Do you feel like you’re in a relationship with someone who avoids you when things get a little heated? Maybe you’re concerned with an issue you want to talk about, but when you approach them, your partner pulls away and shuts down. There are ways to break this pursuer-distancer pattern.
When your partner withdraws you get anxious, right? Your mind begins to race and you start to think, “What’s going on?” Every hour that passes, you get more worried and get stressed out. If they don’t return your text, you are easily upset.
So, what can you do in these situations? Other than learning how to relax and be yourself, being with someone with avoidant attachment has its challenges.
Nonetheless, this doesn’t have to be your relationship pattern. By understanding why your avoidant partner pulls away and putting your emotions in check during your ‘downtime,’ you can both help each other communicate in a healthy way. In order to do so, here is some good advice to follow if you are an anxious pursuer in a relationship.
Empathize with your partner
It’s easy to come to your partner to get things off your chest because you want to relieve your anxiety. After all, you’re the one who feels upset.
But when your partner feels your anxious energy, they interpret this as you coming after them. And instead of relieving you, they pull away further and even shut down. Ouch. When this happens, it’s important to remember not to take it personally. This isn’t about you, it’s about them retreating into a learned behavior.
If you have been with your partner for a while, you should know this person well. You know where they come from and what their upbringing was like. The key thing is to empathize with your partner.
When you’re feeling anxious, put yourself in their shoes. If you know they were brought up in a household that avoided talking about their emotions and instead avoided the topic altogether, then showing empathy should not only help them feel understood, but it will also help you reduce your anxiety. Think about what it might be like to be them and the distance in their world is about protecting themselves from getting hurt.
Communicate with understanding
Communicating with understanding is a combination of showing empathy and listening to your partner’s need to withdraw. This means you don’t come at them by complaining or they will feel like they are being criticized. Then guess what they’ll do? Shut down again.
Instead of saying, “What’s wrong? Why can’t we talk? When are you going to come back?” With your anxiety triggered, this approach pushes your avoidant partner further away.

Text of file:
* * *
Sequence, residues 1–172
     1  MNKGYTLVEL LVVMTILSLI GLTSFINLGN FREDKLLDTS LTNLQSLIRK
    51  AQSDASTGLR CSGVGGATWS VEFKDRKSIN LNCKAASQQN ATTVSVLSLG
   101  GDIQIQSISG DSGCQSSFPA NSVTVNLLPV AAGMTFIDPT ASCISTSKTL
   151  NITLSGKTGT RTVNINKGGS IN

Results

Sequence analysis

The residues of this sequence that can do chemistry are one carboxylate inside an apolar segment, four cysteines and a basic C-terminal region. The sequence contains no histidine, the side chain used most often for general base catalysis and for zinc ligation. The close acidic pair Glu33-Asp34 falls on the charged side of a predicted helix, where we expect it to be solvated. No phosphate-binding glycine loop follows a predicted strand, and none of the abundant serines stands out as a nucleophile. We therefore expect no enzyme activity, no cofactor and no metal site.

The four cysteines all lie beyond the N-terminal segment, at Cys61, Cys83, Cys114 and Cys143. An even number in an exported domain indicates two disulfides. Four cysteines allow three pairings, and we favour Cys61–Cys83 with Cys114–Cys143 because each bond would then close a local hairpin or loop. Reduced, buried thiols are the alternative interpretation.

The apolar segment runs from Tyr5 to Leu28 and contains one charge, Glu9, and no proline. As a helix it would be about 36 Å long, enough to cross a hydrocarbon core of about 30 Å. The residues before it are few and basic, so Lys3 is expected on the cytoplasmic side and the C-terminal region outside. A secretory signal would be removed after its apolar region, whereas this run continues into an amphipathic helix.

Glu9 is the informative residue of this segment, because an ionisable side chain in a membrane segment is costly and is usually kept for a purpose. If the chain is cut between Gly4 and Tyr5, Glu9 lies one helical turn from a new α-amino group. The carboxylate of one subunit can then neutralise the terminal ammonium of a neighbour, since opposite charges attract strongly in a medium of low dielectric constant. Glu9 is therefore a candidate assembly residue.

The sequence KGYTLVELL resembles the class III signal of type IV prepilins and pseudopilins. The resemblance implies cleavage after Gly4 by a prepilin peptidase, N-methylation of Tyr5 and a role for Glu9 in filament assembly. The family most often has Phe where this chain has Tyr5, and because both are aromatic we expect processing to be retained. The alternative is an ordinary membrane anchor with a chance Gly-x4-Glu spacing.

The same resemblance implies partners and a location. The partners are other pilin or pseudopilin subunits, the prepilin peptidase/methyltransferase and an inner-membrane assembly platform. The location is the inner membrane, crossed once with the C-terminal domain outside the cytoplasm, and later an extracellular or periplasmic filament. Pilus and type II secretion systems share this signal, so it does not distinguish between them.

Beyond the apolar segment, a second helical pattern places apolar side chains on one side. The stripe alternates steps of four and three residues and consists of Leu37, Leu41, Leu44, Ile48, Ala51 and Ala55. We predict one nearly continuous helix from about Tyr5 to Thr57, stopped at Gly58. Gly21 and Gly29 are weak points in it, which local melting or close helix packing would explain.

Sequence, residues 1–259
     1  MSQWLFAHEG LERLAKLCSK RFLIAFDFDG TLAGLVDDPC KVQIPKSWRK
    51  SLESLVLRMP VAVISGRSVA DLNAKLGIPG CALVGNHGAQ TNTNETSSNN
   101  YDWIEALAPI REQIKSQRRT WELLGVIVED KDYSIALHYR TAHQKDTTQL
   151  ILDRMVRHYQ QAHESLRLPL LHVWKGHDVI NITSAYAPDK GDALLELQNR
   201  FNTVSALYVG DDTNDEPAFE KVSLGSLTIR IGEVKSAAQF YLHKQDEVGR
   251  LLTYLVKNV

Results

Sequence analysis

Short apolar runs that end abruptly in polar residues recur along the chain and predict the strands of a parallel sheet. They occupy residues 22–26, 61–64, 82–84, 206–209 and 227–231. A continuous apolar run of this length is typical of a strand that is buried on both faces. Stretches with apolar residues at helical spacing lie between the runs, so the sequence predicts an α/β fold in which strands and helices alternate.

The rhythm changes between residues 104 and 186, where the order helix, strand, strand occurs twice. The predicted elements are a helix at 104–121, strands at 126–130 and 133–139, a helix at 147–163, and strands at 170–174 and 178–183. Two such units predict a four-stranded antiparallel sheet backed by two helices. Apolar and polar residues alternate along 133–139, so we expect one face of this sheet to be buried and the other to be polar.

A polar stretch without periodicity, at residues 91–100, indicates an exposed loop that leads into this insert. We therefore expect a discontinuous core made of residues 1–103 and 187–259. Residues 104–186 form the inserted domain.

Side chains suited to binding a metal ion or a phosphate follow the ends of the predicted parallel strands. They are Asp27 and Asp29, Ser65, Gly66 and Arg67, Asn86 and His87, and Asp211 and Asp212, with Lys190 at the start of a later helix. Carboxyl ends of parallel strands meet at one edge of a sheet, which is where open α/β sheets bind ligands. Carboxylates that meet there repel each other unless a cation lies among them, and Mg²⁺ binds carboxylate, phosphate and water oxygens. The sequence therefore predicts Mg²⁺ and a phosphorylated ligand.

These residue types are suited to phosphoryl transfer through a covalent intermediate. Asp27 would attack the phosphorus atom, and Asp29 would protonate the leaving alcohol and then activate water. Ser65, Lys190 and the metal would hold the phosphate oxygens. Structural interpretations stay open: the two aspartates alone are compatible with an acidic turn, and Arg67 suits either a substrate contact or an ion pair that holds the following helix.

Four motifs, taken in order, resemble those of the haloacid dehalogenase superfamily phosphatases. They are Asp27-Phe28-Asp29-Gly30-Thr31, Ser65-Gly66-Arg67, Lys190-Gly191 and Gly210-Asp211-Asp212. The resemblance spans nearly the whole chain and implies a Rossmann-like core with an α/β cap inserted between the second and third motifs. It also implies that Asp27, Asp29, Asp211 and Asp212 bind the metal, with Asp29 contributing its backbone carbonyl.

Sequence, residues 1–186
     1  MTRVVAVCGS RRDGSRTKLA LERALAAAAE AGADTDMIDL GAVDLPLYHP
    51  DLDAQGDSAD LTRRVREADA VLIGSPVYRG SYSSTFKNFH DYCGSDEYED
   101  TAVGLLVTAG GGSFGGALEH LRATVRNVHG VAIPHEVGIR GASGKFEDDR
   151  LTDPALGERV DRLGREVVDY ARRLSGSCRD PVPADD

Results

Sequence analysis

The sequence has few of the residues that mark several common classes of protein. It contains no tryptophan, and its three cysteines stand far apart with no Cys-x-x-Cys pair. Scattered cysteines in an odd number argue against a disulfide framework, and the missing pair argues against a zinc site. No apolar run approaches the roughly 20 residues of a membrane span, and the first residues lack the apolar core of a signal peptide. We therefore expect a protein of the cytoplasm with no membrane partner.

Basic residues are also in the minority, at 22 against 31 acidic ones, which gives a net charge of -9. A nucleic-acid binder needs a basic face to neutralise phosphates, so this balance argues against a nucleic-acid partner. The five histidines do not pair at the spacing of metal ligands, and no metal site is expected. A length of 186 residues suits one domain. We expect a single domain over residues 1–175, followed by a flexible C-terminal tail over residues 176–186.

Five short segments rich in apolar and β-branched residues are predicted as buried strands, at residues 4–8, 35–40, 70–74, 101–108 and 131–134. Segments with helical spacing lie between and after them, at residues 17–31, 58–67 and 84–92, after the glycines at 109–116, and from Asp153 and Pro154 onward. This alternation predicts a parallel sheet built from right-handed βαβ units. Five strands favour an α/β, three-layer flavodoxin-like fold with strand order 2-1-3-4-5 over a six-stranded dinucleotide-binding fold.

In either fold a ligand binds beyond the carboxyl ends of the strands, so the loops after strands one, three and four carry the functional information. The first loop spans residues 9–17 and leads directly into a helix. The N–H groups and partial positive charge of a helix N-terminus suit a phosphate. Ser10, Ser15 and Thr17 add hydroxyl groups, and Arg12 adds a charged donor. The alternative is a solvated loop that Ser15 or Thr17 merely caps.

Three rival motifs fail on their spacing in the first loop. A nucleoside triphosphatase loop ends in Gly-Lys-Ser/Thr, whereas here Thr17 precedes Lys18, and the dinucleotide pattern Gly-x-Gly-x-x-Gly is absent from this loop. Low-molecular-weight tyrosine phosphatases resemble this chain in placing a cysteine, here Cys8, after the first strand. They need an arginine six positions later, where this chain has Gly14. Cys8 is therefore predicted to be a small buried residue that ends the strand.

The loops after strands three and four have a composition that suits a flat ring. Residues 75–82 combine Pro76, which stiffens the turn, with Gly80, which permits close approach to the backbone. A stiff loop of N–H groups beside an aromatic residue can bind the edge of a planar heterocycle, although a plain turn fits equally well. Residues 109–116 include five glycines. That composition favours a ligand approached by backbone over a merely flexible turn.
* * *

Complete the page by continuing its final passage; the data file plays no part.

To get communication going with an understanding tone say, “I know there’s a lot going on in there, and you might not even know what to say or do about it. But I’m interested to know because I’m curious about you. I’d like to understand you better.”
Can you imagine, by saying you want to understand them better, this approach will help them bring their guards down? Chances are better, communicating with understanding is going to relax them with this type of statement versus what you habitually do.
Navigate together to find a compromise
The partner who needs space, or the avoidant partner, needs to understand that being in a relationship requires open communication. Therefore, the avoidant partner should commit themselves to heal past traumas for the relationship to work.
As the anxious pursuer in the relationship, you have to understand and give your partner more space. While your partner has to push themselves to look ahead and adapt a healthy communication style that fulfills both your needs.
You both need to have a discussion where you answer these questions, “How are we going to navigate in these moments when I want to work something out and you don’t want to talk about it all? How can we do that in a way that’s fair for both of us?”
It’s very important to commit to navigating alone time before they need time to process things because you’re acknowledging that you value them and your relationship.
Here’s a short video on the subject:
Set healthy boundaries
Remember, It’s easy to complain when your partner pulls away. But as we often see in insecure relationships, when the anxious pursuer in the relationship complains, it doesn’t go over well. The best thing to do before your partner needs time to themselves is to set healthy boundaries.
Eventually, the anxious pursuer in the relationship and your partner need to re-establish a connection. Healthy boundaries involve expressing your needs beforehand by telling them what you won’t tolerate. For instance, say, “I understand you need some space. I’ll give it to you. But how long do you need? I’m willing to wait a day or two, but I won’t tolerate four to five days because I’ll be too anxious and that’s not good for either of us.”
Remember, you both need to extend yourselves to a certain degree and establish those boundaries. The distancer gets their ‘alone time’ to think. While in the meantime, the anxious pursuer in the relationship needs to learn not to get angrier by empathizing with their partner and think, “I imagine it’s difficult for my partner when they shut me out. But I know within the time frame we agreed on, they’ll eventually come around and be ready to talk.”
Get professional hands-on support
Getting professional support to help you both navigate through your relationship is an additional step in setting healthy boundaries and navigating together to find a compromise. If your needs are not met, talking it out with a relationship coach can serve as a middle ground for both of you.
If your partner is constantly withdrawing and it’s causing problems in your relationship, let us help. Instead of arguing in circles, invest in learning how to solve conflicting relationship issues.
Want a deeper dive? Listen to this podcast here, where my wife and I unpack this further.
Want more relationship help? Take our free virtual relationship workshop here.